Day 124: Buy a parrot…

“…and train it to say some unpalatable truth that you cannot voice yourself in society.”

Aside from the fact that I don’t have the money to buy a parrot, the big problem with today’s task is that there are no unpalatable truths I’m unable to voice.

We’re all going to die. Most babies are ugly. Nobody gives a shit about anything. Mowing your lawn is a waste of time. Bad things will always happen to good people. None of you eat enough vegetables, but that’s okay, because there aren’t enough vegetables to go around. Politicians are liars and crooks, even the nice ones. I’m rocking out to this song. By the time you figure out what’s going on, it’s much too late. And, because it bears repeating: we’re all going to die.

Why would I bother training a parrot to say any of that? Much better to train my kids – and other people’s kids – to say such things.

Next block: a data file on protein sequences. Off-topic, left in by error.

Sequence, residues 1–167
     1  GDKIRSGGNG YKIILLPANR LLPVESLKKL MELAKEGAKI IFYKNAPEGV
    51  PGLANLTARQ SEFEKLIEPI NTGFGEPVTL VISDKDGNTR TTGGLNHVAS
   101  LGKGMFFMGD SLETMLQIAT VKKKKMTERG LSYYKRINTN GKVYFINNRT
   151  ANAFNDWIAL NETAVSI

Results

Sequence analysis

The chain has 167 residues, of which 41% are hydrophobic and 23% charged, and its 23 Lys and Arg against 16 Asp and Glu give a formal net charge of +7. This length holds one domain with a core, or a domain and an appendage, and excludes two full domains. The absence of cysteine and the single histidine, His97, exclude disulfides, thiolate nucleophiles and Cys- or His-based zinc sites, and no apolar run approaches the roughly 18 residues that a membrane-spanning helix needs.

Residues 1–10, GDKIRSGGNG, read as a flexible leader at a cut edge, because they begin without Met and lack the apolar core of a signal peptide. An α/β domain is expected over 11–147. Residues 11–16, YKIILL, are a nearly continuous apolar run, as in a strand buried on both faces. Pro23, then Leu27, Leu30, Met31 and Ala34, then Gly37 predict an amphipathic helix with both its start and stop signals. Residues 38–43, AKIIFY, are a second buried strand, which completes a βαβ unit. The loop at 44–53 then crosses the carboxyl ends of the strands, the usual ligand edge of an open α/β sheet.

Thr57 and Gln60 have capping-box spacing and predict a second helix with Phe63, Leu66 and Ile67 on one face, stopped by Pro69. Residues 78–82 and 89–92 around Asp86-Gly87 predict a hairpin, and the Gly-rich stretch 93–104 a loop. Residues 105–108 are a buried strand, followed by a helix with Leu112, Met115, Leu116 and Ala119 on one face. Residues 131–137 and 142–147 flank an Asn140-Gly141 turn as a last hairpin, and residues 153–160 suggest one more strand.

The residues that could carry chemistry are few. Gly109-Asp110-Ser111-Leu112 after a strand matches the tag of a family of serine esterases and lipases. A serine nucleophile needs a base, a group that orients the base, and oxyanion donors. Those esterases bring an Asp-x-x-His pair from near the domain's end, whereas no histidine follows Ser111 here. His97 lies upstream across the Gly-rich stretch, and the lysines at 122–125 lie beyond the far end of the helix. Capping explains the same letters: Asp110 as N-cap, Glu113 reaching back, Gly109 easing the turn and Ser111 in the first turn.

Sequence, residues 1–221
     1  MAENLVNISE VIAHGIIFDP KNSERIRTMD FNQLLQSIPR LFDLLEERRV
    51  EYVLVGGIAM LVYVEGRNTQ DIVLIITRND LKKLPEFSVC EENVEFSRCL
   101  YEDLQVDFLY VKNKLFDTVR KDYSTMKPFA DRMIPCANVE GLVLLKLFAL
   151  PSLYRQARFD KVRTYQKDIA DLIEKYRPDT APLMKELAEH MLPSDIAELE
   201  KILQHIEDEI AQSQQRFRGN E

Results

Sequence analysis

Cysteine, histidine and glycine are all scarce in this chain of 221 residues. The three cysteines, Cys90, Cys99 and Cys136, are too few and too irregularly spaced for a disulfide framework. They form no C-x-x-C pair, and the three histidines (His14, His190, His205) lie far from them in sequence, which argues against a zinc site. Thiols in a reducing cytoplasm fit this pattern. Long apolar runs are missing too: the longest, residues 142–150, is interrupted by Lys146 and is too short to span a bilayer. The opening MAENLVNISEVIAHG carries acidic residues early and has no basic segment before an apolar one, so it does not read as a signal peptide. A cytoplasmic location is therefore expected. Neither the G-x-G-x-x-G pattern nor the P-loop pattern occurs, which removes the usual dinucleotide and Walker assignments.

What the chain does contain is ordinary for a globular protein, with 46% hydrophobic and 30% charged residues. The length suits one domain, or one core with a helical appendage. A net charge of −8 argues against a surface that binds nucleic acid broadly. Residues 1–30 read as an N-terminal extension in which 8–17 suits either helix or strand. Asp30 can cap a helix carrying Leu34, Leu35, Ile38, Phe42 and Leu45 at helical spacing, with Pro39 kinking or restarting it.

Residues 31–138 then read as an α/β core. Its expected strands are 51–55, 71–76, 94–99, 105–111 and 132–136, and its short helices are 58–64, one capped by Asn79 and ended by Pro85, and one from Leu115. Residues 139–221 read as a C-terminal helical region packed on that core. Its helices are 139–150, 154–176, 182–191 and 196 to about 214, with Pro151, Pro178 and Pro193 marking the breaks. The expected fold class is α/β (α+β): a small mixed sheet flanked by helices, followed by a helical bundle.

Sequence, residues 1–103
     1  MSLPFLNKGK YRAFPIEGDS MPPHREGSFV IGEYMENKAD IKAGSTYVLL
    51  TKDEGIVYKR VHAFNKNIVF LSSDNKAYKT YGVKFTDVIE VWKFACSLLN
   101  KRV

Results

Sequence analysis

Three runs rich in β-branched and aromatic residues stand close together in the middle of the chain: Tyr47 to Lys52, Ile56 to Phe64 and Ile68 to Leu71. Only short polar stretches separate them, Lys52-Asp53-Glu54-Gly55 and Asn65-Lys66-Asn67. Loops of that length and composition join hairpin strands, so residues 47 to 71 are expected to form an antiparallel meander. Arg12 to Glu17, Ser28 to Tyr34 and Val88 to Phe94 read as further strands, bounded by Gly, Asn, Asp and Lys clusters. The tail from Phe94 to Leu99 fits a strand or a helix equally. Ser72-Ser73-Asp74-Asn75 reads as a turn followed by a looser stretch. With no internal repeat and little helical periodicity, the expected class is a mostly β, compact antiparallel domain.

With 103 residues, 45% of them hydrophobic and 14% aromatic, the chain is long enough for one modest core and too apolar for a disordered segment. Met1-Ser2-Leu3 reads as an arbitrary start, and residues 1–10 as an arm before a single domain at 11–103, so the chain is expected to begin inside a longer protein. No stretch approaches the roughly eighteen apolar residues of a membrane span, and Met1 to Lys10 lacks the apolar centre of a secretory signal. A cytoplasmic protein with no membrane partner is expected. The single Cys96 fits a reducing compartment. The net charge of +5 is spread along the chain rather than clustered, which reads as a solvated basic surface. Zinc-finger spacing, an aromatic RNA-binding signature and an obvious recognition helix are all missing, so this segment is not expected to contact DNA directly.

If I was going to go to the trouble of training a parrot to say anything, I’d teach it John Cleese’s lines from the “Dead Parrot” sketch – except the parrot would refer to itself in the first person, where Cleese refers to it in the third:

I’m not pinin’! I’ve passed on! This parrot is no more! I have ceased to be! I’ve expired, and gone to meet my maker! I’m a stiff! Bereft of life! I rest in peace! If you hadn’t nailed me to the perch I’d be pushin’ up the daisies! My metabolic processes are now history! I’m off the twig! I’ve kicked the bucket, I’ve shuffled off my mortal coil, run down the curtain and joined the bleedin’ choir invisible! I am an ex-parrot!

That’s existential comedy gold, that is. Really makes you think about the human condition, from a parrot’s point of view. It’s absurd, but it makes sense: it hits you, hard, right in the gut, like a dead kitten. It’s a parrot, and it’s alive, right, but it’s so aware of it’s own death that it can return itself to the pet store, which is obviously a metaphor for … uh, something. Anyway, it’s brilliant.

Sam Beckett never wrote anything half that good.

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